Genre limbo

All I’ve been hearing is that agents can’t figure out what genre my book fits in.

If your work isn’t easily identifiable for any particular genre, this tells me you’re not pitching it correctly. There are queries that left me scratching my head, wondering about the genre because the author didn’t tell me. I’m a five-year-old at times; I need to be told. YA vs. Adult? Inspirational vs. How To? Historical fiction vs. Fantasy? That’s a pretty big difference in audiences.

If the author tells me their work is intended for YA or inspirational, then I read the work with that audience in mind. Now, that’s not to say I won’t feel the work would be better suited in a different genre, but at least I had a launching point.

I remember rejecting a work because the pitch and first pages gave me the impression it was historical fiction. Not interested in historical fiction. Unfortunately for me, the author was one of those authors who behave badly and ripped me a new orifice.

How DARE you call my work historical fiction! It’s a memoir, you effing moron!

Coulda knocked me over with a feather. If Mr. Snooty Pants had told me it was a memoir, I would have read it from that perspective. It’s not my job to play 20 Questions. I take comfort knowing that I would have rejected it anyway. Note to self: tell the beagle to buy a better brand of tinfoil for my hats.

But the point of all this is that you aren’t just the architect of your stories; you’re also the sales team as well. No one knows your work better, and it’s your job to put on your metaphorical shiny shoes and bright smile and sell the hell out of your work. If  your manuscript saunters into our offices looking all sassy and cool and says, “this is the best damn medical fiction you’ll ever read” [even though your doctor character is a time traveler from the 1920s], I’ll believe you. I’m going to notice the SF references when I read it, and I’ll consider whether the time travel bit plays a big enough part to classify it as SF.

If SF is a very strong element throughout your book, then you need to decide which audience will be more forgiving. Are readers of medical fiction going to enjoy the strong SF overtones? Probably not. They want a traditional medical story that takes place on terra firma. On the other hand, will the SF readers be more forgiving of a SF story with a medical setting. Probably – because SF readers are used to seeing all sorts of different settings.

The author cannot afford to say “I just don’t know how to classify this, so I’ll pitch it as one of those books that live in genre limbo.” I feel my hand quaking for the rejection letter. And please, for the love of all that’s holy, don’t classify your work as a genre bender. It’s a cop-out.

Look at it this way. Let’s say you go to the mall and there’s a great looking salesman standing in front of a yellow box. He’s hot. So hot, your buttons are melting off your shirt. He winks at you. Your knees weaken. Oh hell yes, you think. I am so buying whatever he’s selling…just as soon as you figure out what it is he’s selling. Hey, cute buns, you say in a low voice. What’s up with the yellow box? His smile gets even wider. He adjusts his collar so you can see his little chest hairs popping up. Sigh. And then he answers you in a deep baritone:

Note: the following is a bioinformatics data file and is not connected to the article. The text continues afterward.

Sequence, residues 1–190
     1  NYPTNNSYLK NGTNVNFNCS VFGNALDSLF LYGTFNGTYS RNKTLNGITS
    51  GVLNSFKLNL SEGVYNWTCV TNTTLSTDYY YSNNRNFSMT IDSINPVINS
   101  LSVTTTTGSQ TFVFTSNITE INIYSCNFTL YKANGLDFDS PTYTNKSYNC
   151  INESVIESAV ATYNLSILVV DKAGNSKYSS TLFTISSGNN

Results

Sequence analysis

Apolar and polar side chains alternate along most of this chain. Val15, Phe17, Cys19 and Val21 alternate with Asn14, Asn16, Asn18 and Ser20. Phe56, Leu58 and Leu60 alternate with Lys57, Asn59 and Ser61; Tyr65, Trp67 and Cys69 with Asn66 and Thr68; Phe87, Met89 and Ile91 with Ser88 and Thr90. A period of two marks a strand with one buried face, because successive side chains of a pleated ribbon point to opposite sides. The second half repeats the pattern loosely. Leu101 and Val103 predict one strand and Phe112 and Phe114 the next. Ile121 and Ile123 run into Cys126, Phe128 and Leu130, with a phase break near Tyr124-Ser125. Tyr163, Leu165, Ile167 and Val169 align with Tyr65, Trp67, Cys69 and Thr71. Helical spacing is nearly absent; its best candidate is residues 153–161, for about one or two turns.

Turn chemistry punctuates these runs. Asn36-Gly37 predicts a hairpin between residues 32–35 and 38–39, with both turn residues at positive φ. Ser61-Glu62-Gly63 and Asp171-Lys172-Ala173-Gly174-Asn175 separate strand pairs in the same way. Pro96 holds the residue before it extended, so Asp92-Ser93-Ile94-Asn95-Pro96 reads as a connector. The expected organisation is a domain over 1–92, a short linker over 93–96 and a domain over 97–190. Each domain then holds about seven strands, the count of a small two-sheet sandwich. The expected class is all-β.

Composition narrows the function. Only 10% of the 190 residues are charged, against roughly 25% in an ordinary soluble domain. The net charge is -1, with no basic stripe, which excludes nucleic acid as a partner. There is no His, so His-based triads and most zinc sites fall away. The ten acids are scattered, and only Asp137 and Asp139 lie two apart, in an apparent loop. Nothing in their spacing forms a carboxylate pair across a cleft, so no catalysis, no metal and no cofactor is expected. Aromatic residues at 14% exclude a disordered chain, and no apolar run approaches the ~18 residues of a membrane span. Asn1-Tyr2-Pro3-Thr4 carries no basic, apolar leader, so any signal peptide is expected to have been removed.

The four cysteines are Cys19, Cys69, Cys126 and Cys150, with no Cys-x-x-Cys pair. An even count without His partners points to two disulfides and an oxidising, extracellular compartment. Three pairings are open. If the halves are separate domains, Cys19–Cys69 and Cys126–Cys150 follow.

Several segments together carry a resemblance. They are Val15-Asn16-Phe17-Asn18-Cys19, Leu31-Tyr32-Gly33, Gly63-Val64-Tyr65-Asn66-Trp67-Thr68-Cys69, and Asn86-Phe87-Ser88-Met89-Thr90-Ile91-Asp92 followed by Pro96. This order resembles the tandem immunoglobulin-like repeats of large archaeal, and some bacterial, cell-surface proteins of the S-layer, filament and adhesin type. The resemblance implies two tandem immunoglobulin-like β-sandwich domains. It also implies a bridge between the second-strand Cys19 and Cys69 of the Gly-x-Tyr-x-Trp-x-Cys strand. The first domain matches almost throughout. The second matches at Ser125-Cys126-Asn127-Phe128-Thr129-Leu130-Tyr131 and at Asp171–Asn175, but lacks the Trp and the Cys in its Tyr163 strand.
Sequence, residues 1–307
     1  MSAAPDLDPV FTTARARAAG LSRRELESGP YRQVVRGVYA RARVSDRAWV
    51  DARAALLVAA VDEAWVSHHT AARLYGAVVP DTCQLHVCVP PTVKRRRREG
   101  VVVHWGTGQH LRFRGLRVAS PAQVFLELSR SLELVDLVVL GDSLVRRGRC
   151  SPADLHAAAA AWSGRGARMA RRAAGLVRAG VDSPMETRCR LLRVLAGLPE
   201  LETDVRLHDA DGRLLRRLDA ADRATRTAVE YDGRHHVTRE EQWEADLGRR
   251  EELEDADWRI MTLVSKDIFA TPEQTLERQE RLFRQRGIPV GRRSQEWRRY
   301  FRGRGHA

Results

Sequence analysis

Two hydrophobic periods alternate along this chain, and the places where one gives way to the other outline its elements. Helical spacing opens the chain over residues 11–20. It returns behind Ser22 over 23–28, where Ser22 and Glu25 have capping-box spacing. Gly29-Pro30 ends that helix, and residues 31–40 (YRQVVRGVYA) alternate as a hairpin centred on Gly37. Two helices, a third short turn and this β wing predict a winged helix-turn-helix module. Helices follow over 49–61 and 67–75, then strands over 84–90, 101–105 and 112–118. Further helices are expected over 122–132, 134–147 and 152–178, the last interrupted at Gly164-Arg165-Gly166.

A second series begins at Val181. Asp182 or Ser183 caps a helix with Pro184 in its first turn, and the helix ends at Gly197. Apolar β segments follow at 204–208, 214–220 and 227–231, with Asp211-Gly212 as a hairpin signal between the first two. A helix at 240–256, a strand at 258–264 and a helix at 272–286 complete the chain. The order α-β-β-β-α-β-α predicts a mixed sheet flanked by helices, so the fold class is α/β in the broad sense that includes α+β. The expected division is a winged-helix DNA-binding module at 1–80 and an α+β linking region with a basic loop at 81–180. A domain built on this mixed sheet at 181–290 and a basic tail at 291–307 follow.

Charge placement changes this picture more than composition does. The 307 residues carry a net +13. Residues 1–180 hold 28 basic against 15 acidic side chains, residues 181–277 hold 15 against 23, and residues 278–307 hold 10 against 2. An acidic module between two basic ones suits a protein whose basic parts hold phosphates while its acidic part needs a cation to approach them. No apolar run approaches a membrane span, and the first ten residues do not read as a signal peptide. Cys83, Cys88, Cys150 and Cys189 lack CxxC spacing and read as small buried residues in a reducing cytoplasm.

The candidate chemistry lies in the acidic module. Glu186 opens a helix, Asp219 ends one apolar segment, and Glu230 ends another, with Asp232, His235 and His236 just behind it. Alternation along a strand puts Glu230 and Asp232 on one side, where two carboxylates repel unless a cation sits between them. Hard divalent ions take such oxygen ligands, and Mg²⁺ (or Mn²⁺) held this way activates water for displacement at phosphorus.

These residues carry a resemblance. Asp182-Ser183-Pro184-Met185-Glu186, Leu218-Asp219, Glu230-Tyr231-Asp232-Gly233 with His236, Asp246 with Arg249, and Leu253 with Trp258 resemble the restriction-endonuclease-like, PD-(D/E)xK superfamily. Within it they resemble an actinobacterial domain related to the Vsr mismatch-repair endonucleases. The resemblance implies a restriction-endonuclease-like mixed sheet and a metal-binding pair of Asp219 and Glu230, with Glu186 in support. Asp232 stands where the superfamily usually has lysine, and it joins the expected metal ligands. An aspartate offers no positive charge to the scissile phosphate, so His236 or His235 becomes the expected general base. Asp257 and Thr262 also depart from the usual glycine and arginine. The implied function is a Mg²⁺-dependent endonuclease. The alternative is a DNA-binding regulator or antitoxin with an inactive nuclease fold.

“I have no freaking idea.”

[sounds of the needle skipping across the record album] You scratch your head and shove your carnal plans into your backpack. Um, if you don’t know what it is, then how can you sell it? And why would I want it?

“Hey, come on,” he says, his voice brimming with confidence, “you have to admit it’s a really pretty shade of yellow. Come on, take a chance and buy it.”

And this is basically what authors do to agents and editors when they don’t choose a genre. I understand there are times when it’s really hard to decide which genre your story fits in. My recommendation is to look at the overall story and see which genre is stronger. Analyze which readership will be more forgiving of the other genre’s elements. Choose one and pitch it. Trust that we’re not complete dolts, and we’ll see if your story would better fit in a different genre. But do give us an initial shove off the pier.

Don’t be a yellow box.

3 Responses to Genre limbo

  1. Julie Rowe says:

    Lynn, this is the best explanation I’ve seen for why a writer needs to nail down what they’re writing. Lots of them think they can get away with something like: this is a paranormal thriller romance with medical elements.

    (cough) Ah, no.

    Thanks for the great post!

    Cheers, Julie

  2. Bob Truppe says:

    Bang on again Lynn, the author should not be posing questions about the work they created. This is a great post.

    Smiles
    Bob

  3. Lynn, thank you so much for your post. I got instant clarity reading this and I’m going rework my pitch right now.

    My first novel fits very clearly into my intended genre and I just assumed I would be stating the obvious by mentioning it.

    Being new to the writing game, I had never really considered the importance of defining it for others. I won’t be making that mistake again.

    Karen

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